18. A People's History of the United States

    by Howard Zinn
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    Affinity: 🟢🟡⚪️⚪️
    Readership: Somewhat known

    In the book, Zinn presented a different side of history from the more traditional "fundamental nationalist glorification of country". Zinn portrays a side of American history that can largely be seen as the exploitation and manipulation of the majority by rigged systems that hugely favor a small aggregate of elite rulers from across the orthodox political parties. A People's History has been assigned as reading in many high schools and colleges across the United States. It has also resulted in a change in the focus of historical work, which now includes stories that previously were ignored Library Journal calls Howard … (Goodreads)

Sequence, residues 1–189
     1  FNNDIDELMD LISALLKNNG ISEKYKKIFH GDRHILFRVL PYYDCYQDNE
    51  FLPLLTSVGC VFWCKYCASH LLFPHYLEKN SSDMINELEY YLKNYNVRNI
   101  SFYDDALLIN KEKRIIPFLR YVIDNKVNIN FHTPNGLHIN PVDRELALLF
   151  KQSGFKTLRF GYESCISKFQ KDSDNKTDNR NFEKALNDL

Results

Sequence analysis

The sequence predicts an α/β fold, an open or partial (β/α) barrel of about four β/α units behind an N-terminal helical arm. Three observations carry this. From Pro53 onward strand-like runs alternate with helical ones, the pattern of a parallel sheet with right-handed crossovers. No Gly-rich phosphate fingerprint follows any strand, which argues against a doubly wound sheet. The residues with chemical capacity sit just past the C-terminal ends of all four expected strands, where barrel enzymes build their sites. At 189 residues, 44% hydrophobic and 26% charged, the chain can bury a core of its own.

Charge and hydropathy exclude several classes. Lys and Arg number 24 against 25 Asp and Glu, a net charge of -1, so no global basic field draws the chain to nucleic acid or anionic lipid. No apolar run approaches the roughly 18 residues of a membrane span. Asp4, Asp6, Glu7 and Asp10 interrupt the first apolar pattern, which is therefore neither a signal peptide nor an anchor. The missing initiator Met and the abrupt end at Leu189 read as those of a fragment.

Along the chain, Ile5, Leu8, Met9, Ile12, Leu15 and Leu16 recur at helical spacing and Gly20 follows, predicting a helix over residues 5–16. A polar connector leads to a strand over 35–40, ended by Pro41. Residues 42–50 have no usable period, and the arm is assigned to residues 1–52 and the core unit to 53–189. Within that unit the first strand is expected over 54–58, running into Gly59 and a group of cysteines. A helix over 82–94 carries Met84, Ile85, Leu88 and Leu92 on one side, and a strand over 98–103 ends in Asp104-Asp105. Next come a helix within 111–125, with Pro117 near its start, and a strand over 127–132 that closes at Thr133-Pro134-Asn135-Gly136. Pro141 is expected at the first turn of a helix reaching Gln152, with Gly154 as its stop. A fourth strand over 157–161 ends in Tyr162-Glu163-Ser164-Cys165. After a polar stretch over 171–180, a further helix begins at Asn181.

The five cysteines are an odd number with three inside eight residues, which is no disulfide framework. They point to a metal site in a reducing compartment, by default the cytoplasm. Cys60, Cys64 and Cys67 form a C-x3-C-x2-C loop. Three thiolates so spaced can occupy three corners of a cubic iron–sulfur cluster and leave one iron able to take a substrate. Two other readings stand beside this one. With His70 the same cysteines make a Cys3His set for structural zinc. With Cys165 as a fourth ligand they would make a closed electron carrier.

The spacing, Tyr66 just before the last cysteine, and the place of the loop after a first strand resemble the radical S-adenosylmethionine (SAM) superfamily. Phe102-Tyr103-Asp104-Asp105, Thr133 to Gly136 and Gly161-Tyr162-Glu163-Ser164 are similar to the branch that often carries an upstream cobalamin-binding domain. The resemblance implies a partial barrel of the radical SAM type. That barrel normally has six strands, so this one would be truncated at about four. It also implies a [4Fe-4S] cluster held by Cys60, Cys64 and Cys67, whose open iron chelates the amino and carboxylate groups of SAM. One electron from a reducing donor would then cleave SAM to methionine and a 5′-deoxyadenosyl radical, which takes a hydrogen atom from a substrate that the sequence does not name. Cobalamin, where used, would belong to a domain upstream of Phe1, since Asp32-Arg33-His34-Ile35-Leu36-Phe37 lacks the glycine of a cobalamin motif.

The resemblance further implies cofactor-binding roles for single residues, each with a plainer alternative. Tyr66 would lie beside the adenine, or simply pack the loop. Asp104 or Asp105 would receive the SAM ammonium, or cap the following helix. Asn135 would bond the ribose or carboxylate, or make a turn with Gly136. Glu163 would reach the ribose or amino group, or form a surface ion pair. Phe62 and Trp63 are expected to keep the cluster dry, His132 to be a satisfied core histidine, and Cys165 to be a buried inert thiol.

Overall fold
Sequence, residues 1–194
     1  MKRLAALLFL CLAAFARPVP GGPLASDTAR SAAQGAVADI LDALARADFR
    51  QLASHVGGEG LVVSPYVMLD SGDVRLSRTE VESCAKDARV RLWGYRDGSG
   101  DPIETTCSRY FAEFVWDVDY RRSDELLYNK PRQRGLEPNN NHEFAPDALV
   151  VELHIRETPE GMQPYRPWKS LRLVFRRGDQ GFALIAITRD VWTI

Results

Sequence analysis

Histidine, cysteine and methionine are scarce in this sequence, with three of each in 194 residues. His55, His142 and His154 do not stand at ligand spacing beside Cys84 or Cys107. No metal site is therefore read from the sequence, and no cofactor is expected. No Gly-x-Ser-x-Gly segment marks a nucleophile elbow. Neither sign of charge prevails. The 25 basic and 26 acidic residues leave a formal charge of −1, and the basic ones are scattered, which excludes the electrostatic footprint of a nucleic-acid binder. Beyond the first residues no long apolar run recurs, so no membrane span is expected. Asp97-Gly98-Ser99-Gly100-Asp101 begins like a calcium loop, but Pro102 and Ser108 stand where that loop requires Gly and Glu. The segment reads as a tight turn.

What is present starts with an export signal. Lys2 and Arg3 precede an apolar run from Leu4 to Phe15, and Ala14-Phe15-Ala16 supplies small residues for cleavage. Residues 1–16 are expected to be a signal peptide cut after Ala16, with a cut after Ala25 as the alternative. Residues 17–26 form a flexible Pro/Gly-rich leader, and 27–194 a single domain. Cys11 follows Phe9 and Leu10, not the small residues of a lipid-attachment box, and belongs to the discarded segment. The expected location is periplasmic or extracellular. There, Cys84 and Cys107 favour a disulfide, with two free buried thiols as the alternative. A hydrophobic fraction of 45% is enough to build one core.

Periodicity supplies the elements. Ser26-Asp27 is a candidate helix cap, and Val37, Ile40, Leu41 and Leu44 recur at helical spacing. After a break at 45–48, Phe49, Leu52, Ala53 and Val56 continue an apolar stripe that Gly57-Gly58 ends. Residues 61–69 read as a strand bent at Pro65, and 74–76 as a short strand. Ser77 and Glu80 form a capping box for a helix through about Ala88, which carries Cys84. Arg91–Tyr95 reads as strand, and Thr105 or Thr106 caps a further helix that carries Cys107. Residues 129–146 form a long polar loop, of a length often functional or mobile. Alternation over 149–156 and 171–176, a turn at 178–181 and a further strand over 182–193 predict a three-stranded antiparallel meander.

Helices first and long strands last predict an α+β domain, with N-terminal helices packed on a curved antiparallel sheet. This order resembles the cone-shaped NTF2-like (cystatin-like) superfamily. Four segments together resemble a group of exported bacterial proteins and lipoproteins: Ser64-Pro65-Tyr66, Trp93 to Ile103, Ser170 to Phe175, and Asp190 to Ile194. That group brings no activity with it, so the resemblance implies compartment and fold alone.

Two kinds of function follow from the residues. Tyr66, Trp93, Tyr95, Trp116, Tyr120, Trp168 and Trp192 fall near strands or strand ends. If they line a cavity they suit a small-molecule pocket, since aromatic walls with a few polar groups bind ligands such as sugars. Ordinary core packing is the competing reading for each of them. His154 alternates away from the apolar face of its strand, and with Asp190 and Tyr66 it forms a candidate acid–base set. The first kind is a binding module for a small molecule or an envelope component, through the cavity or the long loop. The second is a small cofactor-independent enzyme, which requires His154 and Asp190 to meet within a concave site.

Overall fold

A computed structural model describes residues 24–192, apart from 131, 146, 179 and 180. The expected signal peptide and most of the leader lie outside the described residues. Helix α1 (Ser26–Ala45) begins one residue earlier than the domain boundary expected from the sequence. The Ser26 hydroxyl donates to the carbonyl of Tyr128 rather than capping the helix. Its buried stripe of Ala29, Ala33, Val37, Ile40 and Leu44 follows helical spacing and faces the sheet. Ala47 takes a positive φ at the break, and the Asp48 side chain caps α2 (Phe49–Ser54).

19. Parallel Worlds: A Journey through Creation, Higher Dimensions, and the Future of the Cosmos

    by Michio Kaku
    Quality: 🟢🟢🟡⚪️
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    Readership: Very niche

    In this thrilling journey into the mysteries of our cosmos, bestselling author Michio Kaku takes us on a dizzying ride to explore black holes and time machines, multidimensional space and, most tantalizing of all, the possibility that parallel universes may lay alongside our own. Kaku skillfully guides us through the latest innovations in string theory and its latest iteration, M-theory, which posits that our universe may be just one in an endless multiverse, a singular bubble floating in a sea of infinite bubble universes. If M-theory is proven correct, we may perhaps finally find answer to the question, “What happened … (Goodreads)